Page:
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Scientific research has a continuing battle with superstition. The unfolding of advanced concepts challenges long-held beliefs of mortals, and conflict ensues until there is a yielding of thought to progressive development. It has been so throughout history, and it will undoubtedly continue until the last error of thought has been overcome. Even today there are people who think it is sacrilegious to explore the moon, because it has been a religious symbol to them, a superstition, something held above mortal exploration.
Not too long ago the Russian cosmonauts derisively proclaimed that they did not see God in the heavens when they were there, even though it was their application of intelligence that enabled them to get there. But anything that helps uncover a false and superstitious belief can lead on to firmer concepts of God, man, and the universe. Additional exploration will inevitably do away with many blind beliefs and lead to a recognition of the order and design of the cosmos—some inkling of the intelligence that controls the universe and man. When it is recognized that this intelligence is divine, a spiritual force, then the concept of God as infinite Spirit, or Mind, will be more readily accepted.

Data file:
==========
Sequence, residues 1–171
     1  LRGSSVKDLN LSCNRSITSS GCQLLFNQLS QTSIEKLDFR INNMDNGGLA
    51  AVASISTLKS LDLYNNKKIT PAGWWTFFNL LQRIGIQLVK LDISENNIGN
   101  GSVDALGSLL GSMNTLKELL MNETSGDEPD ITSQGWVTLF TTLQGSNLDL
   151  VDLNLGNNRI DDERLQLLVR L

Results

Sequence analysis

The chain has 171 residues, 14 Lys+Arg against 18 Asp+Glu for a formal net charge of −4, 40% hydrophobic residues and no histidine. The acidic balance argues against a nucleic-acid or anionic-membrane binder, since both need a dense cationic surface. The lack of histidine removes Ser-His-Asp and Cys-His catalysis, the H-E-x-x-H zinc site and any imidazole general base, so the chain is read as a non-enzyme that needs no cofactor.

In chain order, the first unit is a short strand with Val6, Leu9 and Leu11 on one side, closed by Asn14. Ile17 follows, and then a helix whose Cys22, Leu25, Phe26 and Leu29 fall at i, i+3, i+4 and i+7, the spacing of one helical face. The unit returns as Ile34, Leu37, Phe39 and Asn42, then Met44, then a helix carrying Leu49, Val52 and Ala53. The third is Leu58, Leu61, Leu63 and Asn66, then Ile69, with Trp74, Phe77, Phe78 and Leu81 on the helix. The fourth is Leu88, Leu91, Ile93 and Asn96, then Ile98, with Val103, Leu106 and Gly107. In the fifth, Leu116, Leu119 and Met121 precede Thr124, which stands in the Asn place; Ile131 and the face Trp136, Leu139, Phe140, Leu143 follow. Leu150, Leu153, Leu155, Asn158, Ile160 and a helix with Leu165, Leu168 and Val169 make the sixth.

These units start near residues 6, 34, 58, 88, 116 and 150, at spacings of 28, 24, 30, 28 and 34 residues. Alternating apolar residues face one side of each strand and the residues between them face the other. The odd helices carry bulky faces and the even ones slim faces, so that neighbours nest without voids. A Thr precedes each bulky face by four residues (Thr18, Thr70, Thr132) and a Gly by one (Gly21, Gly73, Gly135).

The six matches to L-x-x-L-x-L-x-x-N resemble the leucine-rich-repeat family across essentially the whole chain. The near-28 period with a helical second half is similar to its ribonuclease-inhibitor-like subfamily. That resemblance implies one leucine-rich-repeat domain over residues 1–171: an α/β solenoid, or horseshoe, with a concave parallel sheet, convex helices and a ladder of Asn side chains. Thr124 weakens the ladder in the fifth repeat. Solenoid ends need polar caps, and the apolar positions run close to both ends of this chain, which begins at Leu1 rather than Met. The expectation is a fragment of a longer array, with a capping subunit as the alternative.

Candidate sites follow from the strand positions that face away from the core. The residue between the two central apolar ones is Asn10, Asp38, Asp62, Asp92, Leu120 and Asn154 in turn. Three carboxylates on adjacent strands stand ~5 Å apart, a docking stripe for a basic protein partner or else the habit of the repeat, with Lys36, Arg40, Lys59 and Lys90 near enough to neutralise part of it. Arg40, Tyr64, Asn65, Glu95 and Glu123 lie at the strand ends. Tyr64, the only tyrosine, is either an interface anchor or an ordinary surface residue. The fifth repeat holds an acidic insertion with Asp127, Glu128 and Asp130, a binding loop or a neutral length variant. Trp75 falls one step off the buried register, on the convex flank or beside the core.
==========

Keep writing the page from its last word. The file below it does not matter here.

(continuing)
Landmarks—True and False
ELOISE PATTILLO HENDRICK
Christ—The Divine Antidote for Evil
JOANNE SHRIVER LEEDOM
Cycles: Fate, or Fiction?
WM. BOYD McCARTNEY
Watching and Praying at Exam Time
DIANE STAUNTON STAPLES
Remove Every Spot
MARY L. BOWERS
Even the Last Enemy Has No Power
CARYL WALLER KRUEGER
Your Sleep Shall Be Sweet
Who's Doing the Knowing?
Alan A. Aylwin
William Milford Correll
As a young girl I was raised in a Christian home by devout...
Lois M. Humphrey with contributions from Joyce H. Heard
Since the printing of a testimony in a 1947 Sentinel, I have...
Elizabeth D. Schlechting with contributions from Frank L. Schlechting
The first real impact of Christian Science on my life occurred...
Wellington Scranton, Jr.
RADIO PROGRAM NO. 415 - Let's Stop Labeling Young People
with contributions from Michael Thorneloe, Harlan Witham